Make this go viral or Share this immediately or Share this with everyone you know. Some derivation of those three statements. This is a scare tactic to get you to act so that you may have a sort of "savior" complex. I knew all of this that the media won't cover and I have to share. I am responsible for sharing it! I have to let my community know!
Do your own research. Normally I am in favor of people doing their own research. But if someone says that in a post, be suspicious. If I am sharing information as I do in this newsletter, I am not going to tell you to do your own research. I will have done the research and am reporting it to you. You can trust me. (Bwhaaahhaaaa - that's supposed to be how you spell the sound of an evil laugh.)
There are no coincidences. Actually, there are. This is another tactic to scare you into thinking that, of course this must be true because, what are the odds? What are the chances?
How might this be presented? What if you see a post like the following: (Please note the following post is completely untrue - I made it up. Please note that you aren't likely to see all the tropes noted above in one post.).
OMG! Watermelons are not local and the seeds are actually tiny microchips to track all your movements and manage your thoughts. They are grown by a coven of witches in Mexico who are trying to infiltrate the government and our churches. Let that sink in! My mother got one of these watermelons and now she sees drones outside her house all the time and she speaks in tongues. There are no coincidences! The media won't report this! It's too juicy! I mean, do your own research, but share this with everyone you know ASAP!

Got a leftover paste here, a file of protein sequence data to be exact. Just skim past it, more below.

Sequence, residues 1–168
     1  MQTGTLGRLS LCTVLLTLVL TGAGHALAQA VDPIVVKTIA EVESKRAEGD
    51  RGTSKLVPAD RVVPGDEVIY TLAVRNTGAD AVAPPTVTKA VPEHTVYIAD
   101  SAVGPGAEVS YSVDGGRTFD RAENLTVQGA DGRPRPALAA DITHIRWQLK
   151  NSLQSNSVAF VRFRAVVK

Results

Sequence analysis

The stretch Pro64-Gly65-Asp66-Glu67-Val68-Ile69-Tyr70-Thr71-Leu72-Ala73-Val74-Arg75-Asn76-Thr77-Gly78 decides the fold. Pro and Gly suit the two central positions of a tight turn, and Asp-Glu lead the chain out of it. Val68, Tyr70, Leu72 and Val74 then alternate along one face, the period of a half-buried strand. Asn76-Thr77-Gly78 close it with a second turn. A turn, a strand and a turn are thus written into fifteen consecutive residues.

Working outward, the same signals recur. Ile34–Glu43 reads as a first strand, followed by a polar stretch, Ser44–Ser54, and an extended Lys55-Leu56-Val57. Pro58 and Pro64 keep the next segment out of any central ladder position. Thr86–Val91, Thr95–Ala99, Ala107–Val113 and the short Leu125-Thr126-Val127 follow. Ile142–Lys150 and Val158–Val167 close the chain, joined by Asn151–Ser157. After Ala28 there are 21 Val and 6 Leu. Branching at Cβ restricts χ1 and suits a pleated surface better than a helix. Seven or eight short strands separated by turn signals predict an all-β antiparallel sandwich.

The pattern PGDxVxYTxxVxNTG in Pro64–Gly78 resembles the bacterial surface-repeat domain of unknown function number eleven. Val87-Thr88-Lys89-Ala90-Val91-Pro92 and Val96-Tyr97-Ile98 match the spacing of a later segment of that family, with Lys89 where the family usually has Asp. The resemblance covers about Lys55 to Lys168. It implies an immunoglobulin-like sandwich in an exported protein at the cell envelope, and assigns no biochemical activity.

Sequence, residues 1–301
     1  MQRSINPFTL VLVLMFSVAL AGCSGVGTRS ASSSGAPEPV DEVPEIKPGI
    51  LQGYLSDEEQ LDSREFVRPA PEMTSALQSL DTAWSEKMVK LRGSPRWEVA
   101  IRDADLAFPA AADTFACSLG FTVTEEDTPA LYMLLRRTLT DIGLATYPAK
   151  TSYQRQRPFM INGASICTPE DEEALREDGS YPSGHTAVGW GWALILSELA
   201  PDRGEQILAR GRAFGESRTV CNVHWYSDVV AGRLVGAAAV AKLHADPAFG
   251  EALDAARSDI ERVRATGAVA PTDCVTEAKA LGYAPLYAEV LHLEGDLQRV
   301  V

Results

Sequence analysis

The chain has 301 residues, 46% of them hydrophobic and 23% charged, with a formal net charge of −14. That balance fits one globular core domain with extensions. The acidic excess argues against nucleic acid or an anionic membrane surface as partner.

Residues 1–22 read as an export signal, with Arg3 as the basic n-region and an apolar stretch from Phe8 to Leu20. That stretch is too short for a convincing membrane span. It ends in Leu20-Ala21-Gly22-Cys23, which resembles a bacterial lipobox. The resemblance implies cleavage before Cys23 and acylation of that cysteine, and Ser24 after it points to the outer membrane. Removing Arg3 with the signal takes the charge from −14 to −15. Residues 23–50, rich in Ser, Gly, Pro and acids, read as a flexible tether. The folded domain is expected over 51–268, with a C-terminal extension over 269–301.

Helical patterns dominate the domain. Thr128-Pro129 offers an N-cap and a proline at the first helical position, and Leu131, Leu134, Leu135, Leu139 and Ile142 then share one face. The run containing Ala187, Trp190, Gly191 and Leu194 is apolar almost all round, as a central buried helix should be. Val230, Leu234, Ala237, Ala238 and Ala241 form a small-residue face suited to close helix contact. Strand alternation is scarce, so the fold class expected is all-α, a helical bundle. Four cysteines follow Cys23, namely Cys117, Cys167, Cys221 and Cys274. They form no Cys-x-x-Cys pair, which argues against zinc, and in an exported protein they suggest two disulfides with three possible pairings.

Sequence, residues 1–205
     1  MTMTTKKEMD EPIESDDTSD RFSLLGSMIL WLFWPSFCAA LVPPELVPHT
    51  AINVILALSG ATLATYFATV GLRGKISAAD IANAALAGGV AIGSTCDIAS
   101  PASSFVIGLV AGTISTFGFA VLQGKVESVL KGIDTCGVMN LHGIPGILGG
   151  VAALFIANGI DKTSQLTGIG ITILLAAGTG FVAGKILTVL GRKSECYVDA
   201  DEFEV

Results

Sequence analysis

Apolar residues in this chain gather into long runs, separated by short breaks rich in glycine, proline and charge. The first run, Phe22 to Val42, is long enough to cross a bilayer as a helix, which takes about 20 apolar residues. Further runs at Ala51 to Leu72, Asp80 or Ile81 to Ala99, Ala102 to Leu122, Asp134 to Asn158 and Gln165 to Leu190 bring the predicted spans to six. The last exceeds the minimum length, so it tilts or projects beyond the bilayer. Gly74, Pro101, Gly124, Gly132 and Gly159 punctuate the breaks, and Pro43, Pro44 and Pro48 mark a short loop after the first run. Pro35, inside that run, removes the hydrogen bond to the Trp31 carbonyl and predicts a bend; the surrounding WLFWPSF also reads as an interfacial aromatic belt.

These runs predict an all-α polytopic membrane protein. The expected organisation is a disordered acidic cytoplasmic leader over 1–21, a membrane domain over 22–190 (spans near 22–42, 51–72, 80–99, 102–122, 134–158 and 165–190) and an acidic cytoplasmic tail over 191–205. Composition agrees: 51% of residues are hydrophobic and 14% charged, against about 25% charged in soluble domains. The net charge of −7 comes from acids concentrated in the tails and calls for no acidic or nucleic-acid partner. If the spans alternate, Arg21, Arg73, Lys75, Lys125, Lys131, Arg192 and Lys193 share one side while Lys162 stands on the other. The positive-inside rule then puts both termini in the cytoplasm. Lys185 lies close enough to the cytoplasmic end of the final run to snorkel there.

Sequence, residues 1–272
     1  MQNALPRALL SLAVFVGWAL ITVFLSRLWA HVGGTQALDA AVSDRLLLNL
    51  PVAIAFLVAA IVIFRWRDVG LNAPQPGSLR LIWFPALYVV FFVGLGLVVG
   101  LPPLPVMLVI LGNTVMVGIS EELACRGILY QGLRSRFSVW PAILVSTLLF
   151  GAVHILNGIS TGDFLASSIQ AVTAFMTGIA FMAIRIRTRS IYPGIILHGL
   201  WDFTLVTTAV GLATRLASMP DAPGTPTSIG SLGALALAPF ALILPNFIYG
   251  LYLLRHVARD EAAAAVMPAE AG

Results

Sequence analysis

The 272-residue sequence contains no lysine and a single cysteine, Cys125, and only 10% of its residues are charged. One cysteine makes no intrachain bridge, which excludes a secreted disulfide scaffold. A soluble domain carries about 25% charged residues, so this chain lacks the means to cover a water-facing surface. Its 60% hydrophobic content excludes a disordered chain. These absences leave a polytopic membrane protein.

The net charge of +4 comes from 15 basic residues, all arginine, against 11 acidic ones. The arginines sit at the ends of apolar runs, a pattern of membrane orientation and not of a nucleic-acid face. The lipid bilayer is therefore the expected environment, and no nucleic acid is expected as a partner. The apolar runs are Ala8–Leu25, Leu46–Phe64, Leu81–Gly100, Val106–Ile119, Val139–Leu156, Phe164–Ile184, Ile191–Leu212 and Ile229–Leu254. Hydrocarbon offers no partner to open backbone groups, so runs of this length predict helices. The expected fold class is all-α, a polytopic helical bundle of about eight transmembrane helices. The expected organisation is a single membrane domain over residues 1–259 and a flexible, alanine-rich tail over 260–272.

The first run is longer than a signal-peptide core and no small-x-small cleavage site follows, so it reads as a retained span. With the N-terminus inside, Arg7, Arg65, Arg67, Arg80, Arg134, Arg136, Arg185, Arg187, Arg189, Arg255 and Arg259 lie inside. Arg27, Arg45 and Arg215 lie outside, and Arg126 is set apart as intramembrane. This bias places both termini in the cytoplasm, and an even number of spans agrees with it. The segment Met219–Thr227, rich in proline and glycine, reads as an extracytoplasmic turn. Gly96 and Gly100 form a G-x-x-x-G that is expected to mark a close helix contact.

Did you notice my pun? It's too juicy? (I know, I know, nerd....) Also, the number of !!!! (exclamation marks). Everything is important! That's another giveaway.
Certainly there are other ways to tell if something may be considered disinformation. In future newsletters I will unpack them. I just want to let this sink in first.
What should you do if you see something like this? I would say it depends. I think our first instinct is to fire back with a post telling the poster how dumb they are. Bad idea. You may recall that I've said that no one likes to be called stupid. You can think whatever you like but sometimes words should stay in your head rather than exit your mouth.
If this is someone who is moved by data, you might share some numbers or statistics about why this is untrue. You might share information from experts if that is what moves them. Perhaps it is someone else in their lives that may sway their thinking. It is also important to understand why they may think as they do. Is there something that happened to them in the past that may help explain the behavior? The fake post is full of things that may scare people - witches, loss of privacy, lack of caring my the media or others, loss of control, change, seeded watermelons. Understand what is it that scares them. It is critical that you think about the audience and understand them.
Just as there are other disinformation tactics, there are other ways to combat disinformation. I will unpack those in future newsletters. Please subscribe to make sure you don't miss an issue!
Please also be on the lookout for my upcoming Disinformation Clinic on Tuesday, September 27 at noon. More information including how to register is forthcoming.